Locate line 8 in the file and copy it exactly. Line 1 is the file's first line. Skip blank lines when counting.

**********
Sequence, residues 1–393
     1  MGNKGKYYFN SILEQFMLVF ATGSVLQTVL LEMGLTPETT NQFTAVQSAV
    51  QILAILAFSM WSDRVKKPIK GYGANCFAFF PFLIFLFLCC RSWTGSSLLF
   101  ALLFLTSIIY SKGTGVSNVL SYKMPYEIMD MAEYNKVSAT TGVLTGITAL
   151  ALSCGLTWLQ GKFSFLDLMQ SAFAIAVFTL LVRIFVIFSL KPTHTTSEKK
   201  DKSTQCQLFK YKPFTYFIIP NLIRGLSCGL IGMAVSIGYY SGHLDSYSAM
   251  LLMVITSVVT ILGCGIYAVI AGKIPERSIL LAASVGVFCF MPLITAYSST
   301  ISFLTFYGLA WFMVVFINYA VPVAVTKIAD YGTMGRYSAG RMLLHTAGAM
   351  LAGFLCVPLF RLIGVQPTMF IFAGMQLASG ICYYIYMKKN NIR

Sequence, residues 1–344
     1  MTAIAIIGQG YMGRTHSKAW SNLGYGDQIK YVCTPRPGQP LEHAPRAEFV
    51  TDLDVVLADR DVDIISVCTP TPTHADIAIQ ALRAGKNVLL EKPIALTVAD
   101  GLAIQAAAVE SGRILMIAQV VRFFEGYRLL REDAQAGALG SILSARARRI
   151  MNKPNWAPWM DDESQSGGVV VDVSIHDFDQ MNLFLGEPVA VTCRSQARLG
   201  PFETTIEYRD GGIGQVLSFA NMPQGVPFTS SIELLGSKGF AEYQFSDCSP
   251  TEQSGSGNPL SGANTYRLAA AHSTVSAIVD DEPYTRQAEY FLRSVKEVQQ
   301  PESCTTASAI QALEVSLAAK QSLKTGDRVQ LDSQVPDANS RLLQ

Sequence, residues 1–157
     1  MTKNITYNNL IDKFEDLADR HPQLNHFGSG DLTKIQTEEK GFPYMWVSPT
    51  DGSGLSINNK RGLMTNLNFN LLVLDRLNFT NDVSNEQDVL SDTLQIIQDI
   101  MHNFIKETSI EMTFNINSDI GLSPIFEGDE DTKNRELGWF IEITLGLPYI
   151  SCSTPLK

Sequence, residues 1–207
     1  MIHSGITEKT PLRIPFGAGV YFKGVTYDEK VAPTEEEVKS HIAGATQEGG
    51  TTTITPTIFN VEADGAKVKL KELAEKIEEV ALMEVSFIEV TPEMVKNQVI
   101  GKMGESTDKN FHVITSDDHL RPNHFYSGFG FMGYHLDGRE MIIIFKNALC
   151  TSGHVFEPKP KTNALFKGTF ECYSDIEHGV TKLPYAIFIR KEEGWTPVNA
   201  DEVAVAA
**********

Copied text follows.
   301  ISFLTFYGLA WFMVVFINYA VPVAVTKIAD YGTMGRYSAG RMLLHTAGAM